Gazing out to sea, I took in the bold drama of the Golden Gate Bridge, uninhabited Angel Island and Alcatraz. After a morning of shopping, I wanted nothing more than to sit down at the water’s edge and take it all in. And, as it happened, my choices were as spectacular as the vistas.
“Seat” is a new installation of 65 unique chairs, designed by 35 artists, dotted along the waterfront at the Fort Mason Center, an urban park in the centre of San Francisco.
“This is democratic art,” said Topher Delaney, one of the curators (who 20 years ago also developed an outdoor chair exhibit for New York’s Cooper Hewitt Museum). “There’s no admission fee and everyone has access.”
The Fort Mason Center attracts 2m annual visitors, both tourists and locals, with its mix of events, theatres, galleries, farmers’ markets, and “Off the Grid,” a popular caravan of food trucks. Yet for almost two centuries Fort Mason’s purpose had nothing to do with culture, entertainment or education. In 1776 the Spanish developed a fortified military base here and then in 1848, when California became part of the Union, the US Army took over. Later, through the second world war and into the Vietnam War, the Fort became a major point of embarkation for soldiers, before falling into disuse and being converted into a recreation area in the 1970s.
The Seat exhibition opened late last month and runs until May next year. While some exhibits resemble traditional chairs, many beg for new definitions of the term. Map in hand, I set out to sample them, Goldilocks-style. I stepped into “Bow Seat”, by Oliver DiCicco, sculptor and designer of musical instruments, who engineered his stainless steel and mahogany bow-shaped bench to emit chords activated by the sitter’s movements.
As I stepped out, a pair of eager five-year-old twin boys rushed in. “One of our goals was to create a family-friendly environment,” said Pat Kilduff, another of the organisers, “and what’s more family-friendly than an exhibit you can climb on?”
Or into. Not far from “Bow Seat” stands “Sent Forth”, a globe-shaped steel cage with curved benches inside. Conceived as a time-travelling airship by engineering firm Arup and Jefferson Mack Metal, its story is pure science fiction: after centuries of travel, it has malfunctioned and grounded at Fort Mason, where it now plays compositions using audio it gathered along the way. Triggering sensors by climbing aboard, I heard faint, otherworldly sounds emerge, an eerie mélange of what I assumed were lapping currents, gulls, wind, and other sounds recorded in the area. I hope to stop by after dark one day so I can see how the airship’s lights are choreographed to work in tandem with the sounds.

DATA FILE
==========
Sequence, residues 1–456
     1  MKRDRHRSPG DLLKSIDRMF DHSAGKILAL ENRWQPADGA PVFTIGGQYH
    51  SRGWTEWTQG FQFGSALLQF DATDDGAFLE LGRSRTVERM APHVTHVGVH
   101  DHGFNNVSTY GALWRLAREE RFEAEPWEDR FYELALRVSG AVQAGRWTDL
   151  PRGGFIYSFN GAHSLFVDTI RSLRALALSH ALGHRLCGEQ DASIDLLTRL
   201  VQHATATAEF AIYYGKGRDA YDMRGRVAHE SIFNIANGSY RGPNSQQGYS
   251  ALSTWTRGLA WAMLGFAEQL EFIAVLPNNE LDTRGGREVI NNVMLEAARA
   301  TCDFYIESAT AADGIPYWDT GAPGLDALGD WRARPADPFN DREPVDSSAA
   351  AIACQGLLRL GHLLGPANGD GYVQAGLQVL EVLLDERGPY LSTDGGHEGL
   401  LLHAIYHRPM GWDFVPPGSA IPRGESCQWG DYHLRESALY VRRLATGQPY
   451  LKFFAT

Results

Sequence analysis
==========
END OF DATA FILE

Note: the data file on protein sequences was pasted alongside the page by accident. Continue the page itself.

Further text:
Making my way down a pier, I took a seat on one of the more political of the collection, architect Cary Bernstein’s “SToP,” an acronym of “swords to ploughshares.” A granite bench with painted red holes symbolising wounds, its inscription reads “1909-1962,” the period Fort Mason was a point of embarkation for US military personnel. As Bernstein put it: “Where you now buy arugula and see Sam Shepard plays was once the place where many soldiers left their homeland for the last time, never to return.”
“Band of Brothers”, the last stop on my self-guided tour, is actually three seats: a trio of salvaged 130-year-old eucalyptus trunks carved into immense chairs by architect Malcolm Davis. Eucalyptus trees, once prized for their speedy growth, are now notorious for flammability and falling unexpectedly, so they are being cleared from many public and private spaces. Davis calls them “beautiful pariahs” whose wood, he notes, could be put to better uses than filling salvage yards. Climbing on to one seat, I had to agree. Couples sat together comfortably in the other two Brobdingnagian chairs, all of us enjoying the songbirds’ serenading us from the Monterey Cypresses above.